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Bill Berkowitz: The Lou Dobbs Fear Factor

The Lou Dobbs Fear Factor

CNN talk show host latches onto immigration
Bill Berkowitz

On the May 23rd edition of Lou Dobbs' nightly CNN program "Lou Dobbs Tonight," the generally affable talk-show host, who has become the network's go-to-guy on immigration issues, repeated a racist conspiracy theory and ran a graphic provided by the white nationalist Council of Conservative Citizens to illustrate his point.

For quite some time, Dobbs has made immigration issues an integral -- some might say dominant -- part of his nightly program.

During a piece about "illegal immigrants" in Utah, reporter Casey Wian said, "Utah is also part of the territory some militant Latino activists refer to as Aztlan, the portion of the southwest United States they claim rightfully belongs to Mexico." At that point, the network ran a map of the United States with the states of California, Nevada, Utah, Colorado, Arizona, New Mexico and Texas browned out and labeled AZTLAN.

"For more than two years... Dobbs has served up a populist approach to immigration on... segments of his newscast entitled 'Broken Borders,'" the Southern Poverty Law Center's Heidi Beirich and Mark Potok reported in the Winter 2005 issue of the Intelligence Report. Dobbs, "has relentlessly covered the issue, although hardly from a traditional news perspective -- Dobbs favors clamping down on illegal immigration, and his 'reporting' never fails to make that clear. He has covered the same issues, and the same anti-immigration leaders, time after time after time."

Over the past several months -- perhaps in response to the massive pro-immigrant demonstrations held in dozens of cities across the country -- Dobbs seems to have gotten more emotional and has repeatedly crossed the line between fair-minded debate and outright fear-mongering.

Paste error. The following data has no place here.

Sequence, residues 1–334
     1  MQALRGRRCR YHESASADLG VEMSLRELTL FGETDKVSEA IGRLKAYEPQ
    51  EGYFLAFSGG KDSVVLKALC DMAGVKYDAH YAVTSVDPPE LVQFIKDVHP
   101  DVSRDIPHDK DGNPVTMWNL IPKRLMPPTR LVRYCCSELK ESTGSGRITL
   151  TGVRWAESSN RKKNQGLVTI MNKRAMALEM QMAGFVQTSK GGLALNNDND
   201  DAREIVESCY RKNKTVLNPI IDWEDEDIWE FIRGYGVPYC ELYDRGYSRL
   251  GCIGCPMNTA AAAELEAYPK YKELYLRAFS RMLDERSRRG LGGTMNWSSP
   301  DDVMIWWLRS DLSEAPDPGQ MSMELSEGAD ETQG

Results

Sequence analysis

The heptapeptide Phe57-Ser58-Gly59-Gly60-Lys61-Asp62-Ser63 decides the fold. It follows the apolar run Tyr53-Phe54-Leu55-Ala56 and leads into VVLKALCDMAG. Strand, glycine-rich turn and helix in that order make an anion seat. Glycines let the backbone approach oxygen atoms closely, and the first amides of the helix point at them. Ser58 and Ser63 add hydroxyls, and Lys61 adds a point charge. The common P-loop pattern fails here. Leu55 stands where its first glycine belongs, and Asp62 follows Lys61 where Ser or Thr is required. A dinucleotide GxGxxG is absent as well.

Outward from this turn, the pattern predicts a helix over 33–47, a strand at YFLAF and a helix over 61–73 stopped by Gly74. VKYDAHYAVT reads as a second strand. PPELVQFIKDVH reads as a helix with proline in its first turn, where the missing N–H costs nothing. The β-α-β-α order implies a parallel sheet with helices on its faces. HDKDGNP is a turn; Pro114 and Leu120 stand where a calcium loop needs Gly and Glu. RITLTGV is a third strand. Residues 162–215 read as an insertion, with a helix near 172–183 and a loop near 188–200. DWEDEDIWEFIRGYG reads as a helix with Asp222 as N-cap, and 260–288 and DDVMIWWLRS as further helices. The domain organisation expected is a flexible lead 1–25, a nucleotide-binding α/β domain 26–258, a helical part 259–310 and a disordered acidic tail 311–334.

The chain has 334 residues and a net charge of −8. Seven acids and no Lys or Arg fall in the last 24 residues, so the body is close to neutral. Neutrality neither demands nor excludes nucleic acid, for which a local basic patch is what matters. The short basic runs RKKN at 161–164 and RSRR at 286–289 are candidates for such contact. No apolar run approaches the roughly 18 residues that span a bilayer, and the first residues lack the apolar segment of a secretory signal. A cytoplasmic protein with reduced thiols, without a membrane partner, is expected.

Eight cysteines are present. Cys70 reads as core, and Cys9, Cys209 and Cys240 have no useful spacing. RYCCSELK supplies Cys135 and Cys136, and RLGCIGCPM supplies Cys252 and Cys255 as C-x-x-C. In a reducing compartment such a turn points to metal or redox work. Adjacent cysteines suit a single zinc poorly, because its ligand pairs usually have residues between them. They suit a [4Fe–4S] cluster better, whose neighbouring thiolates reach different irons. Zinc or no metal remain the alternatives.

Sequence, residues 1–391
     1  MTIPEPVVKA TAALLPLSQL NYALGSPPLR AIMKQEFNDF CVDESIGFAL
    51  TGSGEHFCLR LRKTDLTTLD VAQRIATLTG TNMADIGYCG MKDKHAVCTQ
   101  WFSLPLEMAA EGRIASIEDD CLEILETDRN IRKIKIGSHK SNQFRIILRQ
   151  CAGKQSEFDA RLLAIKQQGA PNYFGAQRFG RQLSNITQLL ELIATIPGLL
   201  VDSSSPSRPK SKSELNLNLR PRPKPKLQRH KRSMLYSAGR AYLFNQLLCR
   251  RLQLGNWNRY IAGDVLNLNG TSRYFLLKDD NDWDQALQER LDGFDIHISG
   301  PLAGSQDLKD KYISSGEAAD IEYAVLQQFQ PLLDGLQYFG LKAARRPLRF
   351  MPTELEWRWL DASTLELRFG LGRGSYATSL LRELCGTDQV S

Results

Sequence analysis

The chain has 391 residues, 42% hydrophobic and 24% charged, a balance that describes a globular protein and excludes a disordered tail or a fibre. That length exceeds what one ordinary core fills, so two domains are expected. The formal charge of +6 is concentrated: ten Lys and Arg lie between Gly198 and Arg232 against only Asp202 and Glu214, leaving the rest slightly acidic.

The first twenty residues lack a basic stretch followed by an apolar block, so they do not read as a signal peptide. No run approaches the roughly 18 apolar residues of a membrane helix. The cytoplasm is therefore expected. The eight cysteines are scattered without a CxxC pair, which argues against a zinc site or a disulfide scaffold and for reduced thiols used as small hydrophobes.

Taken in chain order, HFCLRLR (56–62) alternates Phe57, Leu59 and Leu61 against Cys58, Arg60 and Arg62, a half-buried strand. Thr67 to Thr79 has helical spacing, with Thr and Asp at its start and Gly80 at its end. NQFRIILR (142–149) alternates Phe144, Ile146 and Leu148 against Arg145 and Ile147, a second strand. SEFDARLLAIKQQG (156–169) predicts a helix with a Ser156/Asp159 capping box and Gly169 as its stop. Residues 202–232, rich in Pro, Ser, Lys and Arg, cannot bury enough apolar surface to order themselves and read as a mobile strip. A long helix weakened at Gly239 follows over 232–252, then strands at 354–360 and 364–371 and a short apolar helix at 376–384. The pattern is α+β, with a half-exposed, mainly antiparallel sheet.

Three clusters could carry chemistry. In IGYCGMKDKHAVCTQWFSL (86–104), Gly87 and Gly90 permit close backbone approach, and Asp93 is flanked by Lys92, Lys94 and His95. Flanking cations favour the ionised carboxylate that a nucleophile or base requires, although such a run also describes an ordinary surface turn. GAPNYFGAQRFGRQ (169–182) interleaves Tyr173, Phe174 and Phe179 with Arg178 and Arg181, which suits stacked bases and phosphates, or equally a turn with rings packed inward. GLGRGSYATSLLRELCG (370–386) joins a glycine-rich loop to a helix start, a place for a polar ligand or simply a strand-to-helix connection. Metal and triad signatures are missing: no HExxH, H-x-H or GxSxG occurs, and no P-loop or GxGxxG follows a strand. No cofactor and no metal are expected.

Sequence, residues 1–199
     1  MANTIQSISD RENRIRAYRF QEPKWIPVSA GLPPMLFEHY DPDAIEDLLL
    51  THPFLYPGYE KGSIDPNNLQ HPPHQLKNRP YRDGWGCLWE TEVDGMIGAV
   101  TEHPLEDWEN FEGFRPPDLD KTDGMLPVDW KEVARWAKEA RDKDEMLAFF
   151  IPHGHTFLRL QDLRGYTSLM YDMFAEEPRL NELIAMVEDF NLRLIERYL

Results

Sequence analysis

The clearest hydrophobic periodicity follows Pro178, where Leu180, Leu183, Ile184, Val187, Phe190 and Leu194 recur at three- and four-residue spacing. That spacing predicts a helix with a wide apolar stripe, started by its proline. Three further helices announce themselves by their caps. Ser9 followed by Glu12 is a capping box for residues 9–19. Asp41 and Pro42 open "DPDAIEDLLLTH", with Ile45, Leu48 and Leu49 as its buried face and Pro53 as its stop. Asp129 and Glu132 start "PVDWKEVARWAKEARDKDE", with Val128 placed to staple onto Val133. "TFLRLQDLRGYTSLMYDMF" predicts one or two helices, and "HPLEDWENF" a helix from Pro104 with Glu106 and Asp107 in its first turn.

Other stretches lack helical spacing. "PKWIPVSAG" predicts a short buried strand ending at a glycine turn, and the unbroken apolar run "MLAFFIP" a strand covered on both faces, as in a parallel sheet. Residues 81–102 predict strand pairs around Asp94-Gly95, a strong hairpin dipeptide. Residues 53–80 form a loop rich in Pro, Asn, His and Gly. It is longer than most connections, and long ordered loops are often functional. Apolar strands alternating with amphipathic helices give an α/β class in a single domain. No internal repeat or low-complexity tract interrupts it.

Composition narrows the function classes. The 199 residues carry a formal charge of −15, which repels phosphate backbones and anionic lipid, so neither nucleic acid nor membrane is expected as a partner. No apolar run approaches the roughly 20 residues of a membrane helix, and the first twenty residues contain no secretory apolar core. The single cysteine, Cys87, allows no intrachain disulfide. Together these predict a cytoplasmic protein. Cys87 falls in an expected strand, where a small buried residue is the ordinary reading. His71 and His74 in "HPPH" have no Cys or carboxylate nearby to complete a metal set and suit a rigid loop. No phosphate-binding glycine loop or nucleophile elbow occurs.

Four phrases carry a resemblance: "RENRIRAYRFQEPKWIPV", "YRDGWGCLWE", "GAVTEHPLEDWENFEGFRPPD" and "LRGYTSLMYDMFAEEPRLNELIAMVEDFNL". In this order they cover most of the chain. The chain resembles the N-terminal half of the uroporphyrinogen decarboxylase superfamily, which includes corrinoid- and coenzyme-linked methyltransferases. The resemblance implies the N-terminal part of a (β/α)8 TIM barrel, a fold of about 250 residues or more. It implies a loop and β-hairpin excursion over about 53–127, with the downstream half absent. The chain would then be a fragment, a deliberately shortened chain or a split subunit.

In a recent press release, Fairness and Accuracy in Reporting (FAIR), a longtime media watchdog group, pointed out that anti-immigrant fervor was being stirred up on a regular basis by Dobbs on his nightly program. FAIR pointed out that "Dobbs' tone on immigration is consistently alarmist; he warns his viewers of Mexican immigrants who see themselves as an 'army of invaders' intent upon re-annexing parts of the Southwestern U.S. to Mexico, announces that 'illegal alien smugglers and drug traffickers are on the verge of ruining some of our national treasures,' and declares that 'the invasion of illegal aliens is threatening the health of many Americans' through 'deadly imports' of diseases like leprosy and malaria."

In addition to hosting his own program, Dobbs has appeared on other CNN programs. And he co-hosted, along with the network's lead anchor, Wolf Blitzer, the coverage of President Bush's prime time speech on immigration a few weeks back.

"Dobbs has run countless upbeat reports on the 'citizen border patrols' that have sprung up around the country" since the Minuteman Project's April 2005 "paramilitary effort to seal the Arizona border," Beirich and Potok pointed out.

In addition, during the run-up to the Minuteman's first campaign, Dobbs gave the organization "millions in free publicity, plugging it for weeks and turning over large segments of his air time to directly promoting the project," Marc Cooper, a contributing editor of The Nation told AlterNet.

And while Dobbs still has a fair number of guests opposing his position, "there's one thing Lou Dobbs won't do," Beirich and Potok pointed out; "No matter what others report about the movement, Dobbs has failed to present mounting and persistent evidence of anti-Hispanic racism in anti-immigration groups and citizen border patrols.

"It's not that Dobbs hasn't allowed a pro-immigration activist or two to complain about efforts like the Minuteman Project ('vigilantes,' according to President Bush), or even that he has made racist statements on his show. What the anchorman has done is repeatedly decline to present the evidence that links these groups to racism, calling the very idea 'mind-boggling.' On his July 29 show, he called the ACLU and the Southern Poverty Law Center, which he said he liked in other ways, 'despicable' and 'reprehensible' for saying otherwise."

The Southern Poverty Law Center's (SPLC) Intelligence Report catalogued a number of occasions when Dobbs overlooked controversial statements, inflammatory websites and white-supremacist connections of some of his anti-immigration guests: